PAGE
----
Evaluating the effectiveness and cost effectiveness of Dementia Care Mapping (DCM) to enable person-centred Care for people with dementia and their carers: A UK cluster randomised controlled trial in care homes

Study Code / Acronym
Award Number
Health Technology Assessment
Status / Stage
2 September 2013 -
31 December 2017
Duration (calculated)
04 years 03 months
Funding Amount
Funder/Grant study page
Contracted Centre
Leeds Beckett University
Principal Investigator
Professor Claire Surr
WHO Catergories
Economic Impact of Dementia
Models across the continuum of care
Disease Type
Dementia (Unspecified)

CPEC Review Info
Reference ID97
ResearcherReside Team


Study Code / AcronymDCM EPIC
Award Number11/15/13
Status / StageCompleted
Start Date20130902
End Date20171231
Duration (calculated) 04 years 03 months
Funder/Grant study pageNIHR
Contracted CentreLeeds Beckett University
Funding Amount£2,331,948.26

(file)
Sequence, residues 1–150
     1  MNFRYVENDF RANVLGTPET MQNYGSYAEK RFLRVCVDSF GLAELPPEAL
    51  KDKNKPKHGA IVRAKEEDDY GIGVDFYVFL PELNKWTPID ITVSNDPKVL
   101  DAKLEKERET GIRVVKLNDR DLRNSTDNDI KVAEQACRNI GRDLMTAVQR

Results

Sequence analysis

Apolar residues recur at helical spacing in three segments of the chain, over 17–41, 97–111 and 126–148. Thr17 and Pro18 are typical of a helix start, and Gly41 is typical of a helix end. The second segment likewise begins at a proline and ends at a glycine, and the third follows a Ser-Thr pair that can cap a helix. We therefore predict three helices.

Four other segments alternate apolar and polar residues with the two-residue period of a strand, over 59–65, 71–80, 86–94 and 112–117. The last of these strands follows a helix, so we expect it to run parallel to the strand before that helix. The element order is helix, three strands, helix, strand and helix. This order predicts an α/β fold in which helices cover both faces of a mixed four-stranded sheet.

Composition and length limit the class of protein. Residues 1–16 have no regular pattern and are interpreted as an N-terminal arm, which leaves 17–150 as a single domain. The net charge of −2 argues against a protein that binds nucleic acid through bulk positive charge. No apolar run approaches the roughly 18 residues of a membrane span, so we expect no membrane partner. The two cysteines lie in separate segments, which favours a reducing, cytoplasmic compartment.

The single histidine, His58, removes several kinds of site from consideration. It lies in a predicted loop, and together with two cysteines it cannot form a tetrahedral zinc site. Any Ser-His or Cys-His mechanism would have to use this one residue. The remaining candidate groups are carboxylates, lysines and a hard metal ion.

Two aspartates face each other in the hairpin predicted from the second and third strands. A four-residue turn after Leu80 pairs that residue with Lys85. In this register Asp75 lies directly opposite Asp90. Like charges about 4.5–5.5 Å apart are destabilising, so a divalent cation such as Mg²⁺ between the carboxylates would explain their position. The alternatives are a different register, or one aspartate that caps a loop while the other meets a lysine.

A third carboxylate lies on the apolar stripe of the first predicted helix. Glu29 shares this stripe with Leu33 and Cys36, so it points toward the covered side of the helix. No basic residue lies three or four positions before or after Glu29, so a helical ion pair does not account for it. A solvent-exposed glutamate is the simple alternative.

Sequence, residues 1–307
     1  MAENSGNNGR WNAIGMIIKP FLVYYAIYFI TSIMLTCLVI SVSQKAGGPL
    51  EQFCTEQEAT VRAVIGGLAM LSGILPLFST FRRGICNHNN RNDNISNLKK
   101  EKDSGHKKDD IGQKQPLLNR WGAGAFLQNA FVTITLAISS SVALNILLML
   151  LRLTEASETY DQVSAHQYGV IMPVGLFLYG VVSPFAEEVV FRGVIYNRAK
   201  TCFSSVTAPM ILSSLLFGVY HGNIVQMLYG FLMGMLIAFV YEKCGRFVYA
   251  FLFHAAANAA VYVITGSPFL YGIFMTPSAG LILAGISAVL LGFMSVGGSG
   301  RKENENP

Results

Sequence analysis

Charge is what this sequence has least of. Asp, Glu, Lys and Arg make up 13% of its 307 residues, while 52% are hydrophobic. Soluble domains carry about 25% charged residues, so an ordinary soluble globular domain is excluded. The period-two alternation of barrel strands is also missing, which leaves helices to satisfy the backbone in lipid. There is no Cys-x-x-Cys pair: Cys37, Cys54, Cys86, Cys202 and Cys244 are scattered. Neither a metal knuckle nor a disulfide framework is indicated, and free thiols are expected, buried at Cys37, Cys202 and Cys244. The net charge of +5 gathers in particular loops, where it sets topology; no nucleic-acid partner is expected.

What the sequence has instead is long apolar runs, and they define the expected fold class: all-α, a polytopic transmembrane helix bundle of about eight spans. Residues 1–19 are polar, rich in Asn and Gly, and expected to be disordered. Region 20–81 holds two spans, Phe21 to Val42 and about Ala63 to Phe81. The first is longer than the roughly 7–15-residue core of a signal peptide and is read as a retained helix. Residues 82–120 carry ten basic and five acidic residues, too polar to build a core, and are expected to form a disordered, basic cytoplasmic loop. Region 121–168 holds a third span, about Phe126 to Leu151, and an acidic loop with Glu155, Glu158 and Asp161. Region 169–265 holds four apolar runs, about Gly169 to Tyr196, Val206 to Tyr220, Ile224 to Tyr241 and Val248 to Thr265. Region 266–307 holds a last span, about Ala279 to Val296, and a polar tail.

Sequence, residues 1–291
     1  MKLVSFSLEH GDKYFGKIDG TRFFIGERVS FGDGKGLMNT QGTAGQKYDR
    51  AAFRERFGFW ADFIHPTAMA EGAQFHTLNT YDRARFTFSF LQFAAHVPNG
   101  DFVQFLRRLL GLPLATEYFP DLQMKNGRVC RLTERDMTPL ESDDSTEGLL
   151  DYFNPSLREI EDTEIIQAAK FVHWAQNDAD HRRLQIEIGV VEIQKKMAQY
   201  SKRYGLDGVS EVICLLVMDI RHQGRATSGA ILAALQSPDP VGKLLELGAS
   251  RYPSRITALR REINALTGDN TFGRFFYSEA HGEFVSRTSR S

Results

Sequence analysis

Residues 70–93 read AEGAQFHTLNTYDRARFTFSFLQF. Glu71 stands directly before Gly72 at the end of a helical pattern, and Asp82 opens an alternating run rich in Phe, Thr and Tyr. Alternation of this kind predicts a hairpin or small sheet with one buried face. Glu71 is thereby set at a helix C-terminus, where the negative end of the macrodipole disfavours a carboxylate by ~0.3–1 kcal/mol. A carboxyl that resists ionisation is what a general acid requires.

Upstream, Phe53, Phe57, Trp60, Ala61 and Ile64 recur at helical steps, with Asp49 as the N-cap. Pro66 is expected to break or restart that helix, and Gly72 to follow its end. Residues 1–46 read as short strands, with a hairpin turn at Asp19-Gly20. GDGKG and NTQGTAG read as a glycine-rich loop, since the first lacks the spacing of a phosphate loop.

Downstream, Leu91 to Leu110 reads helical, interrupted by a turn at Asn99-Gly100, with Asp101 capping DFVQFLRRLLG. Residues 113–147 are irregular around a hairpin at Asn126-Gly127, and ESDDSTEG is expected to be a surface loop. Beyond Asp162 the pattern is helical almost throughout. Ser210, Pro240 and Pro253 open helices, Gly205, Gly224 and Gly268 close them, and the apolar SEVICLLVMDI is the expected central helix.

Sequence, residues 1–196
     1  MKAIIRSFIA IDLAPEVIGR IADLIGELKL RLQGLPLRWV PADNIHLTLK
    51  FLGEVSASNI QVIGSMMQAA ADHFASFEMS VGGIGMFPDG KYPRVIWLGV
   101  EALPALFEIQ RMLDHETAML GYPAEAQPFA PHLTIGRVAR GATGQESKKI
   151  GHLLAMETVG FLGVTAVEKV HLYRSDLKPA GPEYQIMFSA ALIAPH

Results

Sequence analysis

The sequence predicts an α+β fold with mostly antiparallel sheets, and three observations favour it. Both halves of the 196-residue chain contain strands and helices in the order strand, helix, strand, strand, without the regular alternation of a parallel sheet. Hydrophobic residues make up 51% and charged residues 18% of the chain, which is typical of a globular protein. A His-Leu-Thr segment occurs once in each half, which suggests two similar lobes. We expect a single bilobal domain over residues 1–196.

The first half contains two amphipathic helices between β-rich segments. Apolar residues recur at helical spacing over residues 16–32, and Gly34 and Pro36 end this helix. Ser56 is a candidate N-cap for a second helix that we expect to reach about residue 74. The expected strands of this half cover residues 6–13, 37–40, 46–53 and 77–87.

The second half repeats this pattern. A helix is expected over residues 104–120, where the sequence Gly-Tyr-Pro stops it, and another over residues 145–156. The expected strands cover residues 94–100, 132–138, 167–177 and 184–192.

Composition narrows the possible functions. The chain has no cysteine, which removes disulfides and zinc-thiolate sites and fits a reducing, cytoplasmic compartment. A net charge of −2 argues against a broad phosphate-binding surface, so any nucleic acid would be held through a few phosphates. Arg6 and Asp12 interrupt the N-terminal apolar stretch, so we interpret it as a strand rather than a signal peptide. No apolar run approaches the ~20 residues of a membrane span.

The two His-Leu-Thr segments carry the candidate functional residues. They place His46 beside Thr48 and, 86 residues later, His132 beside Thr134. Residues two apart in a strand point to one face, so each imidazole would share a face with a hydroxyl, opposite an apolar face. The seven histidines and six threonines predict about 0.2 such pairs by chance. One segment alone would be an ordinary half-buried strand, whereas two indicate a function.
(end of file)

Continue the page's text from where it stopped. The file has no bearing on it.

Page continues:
Cluster randomised controlled trial (RCT) (follow-up over 16-months), cost-effectiveness analysis and process evaluation, including cohort collection of data at 6 months, and cross-sectional collection of outcomes at 16 months post randomisation. SETTING Residential, nursing and dementia care homes in the UK.TARGET POPULATION Care home residents with dementia, their relatives and care home staff. HEALTH TECHNOLOGY Dementia Care Mapping (DCM) is an established care home intervention used to support the implementation of person-centred care . DCM is an observational tool, within a practice development cycle. A trained observer records the care experience of up to eight people with dementia for up to six consecutive hours. Findings are fed back to staff, who develop individual and group action plans. This is repeated every 4-6 months. Whilst DCM has been used in dementia care for nearly 20 years, there is limited robust evidence of its efficacy in relation to clinical outcomes such as reduction of behaviours staff find challenging (BSC). Reported practice implementation benefits include improvement of resident well-being and increased staff skills. However, there is very limited robust evidence for effectiveness and no examination of its cost-effectiveness as a UK intervention. Therefore, a definitive pragmatic RCT of DCM in the UK is urgently needed. MEASUREMENT OF COST AND OUTCOMES The primary endpoint is the resident-level agitation measured by the Cohen-Mansfield Agitation Inventory (CMAI) at 16 months after randomisation rated by staff members who know the residents well. The CMAI captures the type, nature and range of agitated behaviours and has good psychometric properties. The Pittsburgh Agitation Scale (PAS) rated by independent researchers will provide concurrent validity. Secondary outcome measures (Neuropsychiatric Inventory (NPI), use of antipsychotic and/or other psychotropic drugs, resident quality of life, staff well-being and role efficacy, care quality and the quality of staff/ resident interactions) will be assessed at 6 and 16 months following randomisation. For the economic evaluation, health status will be captured using the EQ-5D and DEMQOL (and proxy versions) and resource use will be captured using a questionnaire designed especially for the study. Other measures were chosen for their good psychometric properties within this population. SAMPLE SIZE 50 (750) care homes (residents) with 31 (465) and 19 (285) in the intervention and control arms respectively, providing 90% power at 5% significance level. Assuming a SD of CMAI scores of 7.5, a difference between arms of 3 points at 16 months, 25% loss to follow-up and an ICC no greater than 0.1. As provision of care is a further source of clustering an allocation ratio of 3:2 is used. Additional residents will be recruited at 16 months post-randomisation from each care home to maintain power and minimise bias (due to higher than anticipated loss to follow-up and ensure the validity of the trial. (Details of the power calculations undertaken will be published as an appendix to the Statistical Analysis Plan) STATISTICAL ANALYSIS The primary analysis will depend on the rate of loss to follow-up at 16 months. If loss to follow-up is = 35% (in line with original expectations the resident-level primary outcome of agitation (CMAI score) at 16 months post-randomisation will be analysed using a linear two-level heteroscedastic regression model adjusting for design factors, with a contrast for intervention and control. Here, however, data from residents registered at care home randomisation and 16 months post randomisation will be used. The model will be adjusted for the following fixed effects (all care home characteristics using baseline data): type and size, provision of dementia awareness training and recruiting hub, average residents’ dementia severity, and average residents’ baseline CMAI score. Unadjusted and adjusted estimates and corresponding 95% confidence intervals will be presented. Additional supportive analysis, dependent upon the rate of loss to follow-up, will be undertake and presented in the main results paper. Secondary outcome measures will be analysed using a similar modelling strategy. The economic evaluation will follow the NICE reference case, presenting (where appropriate) incremental cost-effectiveness ratios (ICERs) with the main outcome being cost-per incremental quality-adjusted life year (QALY). Results will be presented on a cost-effectiveness acceptability curve (CEAC). Net benefit regression will also be conducted. TIMETABLE The study will take place over 52 months , with an average of 4 homes recruited per month and each home participating in data collection for 16 months from baseline to final follow-up. EXPERTISE The team includes expertise on DCM, care homes, designing and conducting clinical trials in care homes, statistical analysis, trial management, health economic evaluation and service user involvement.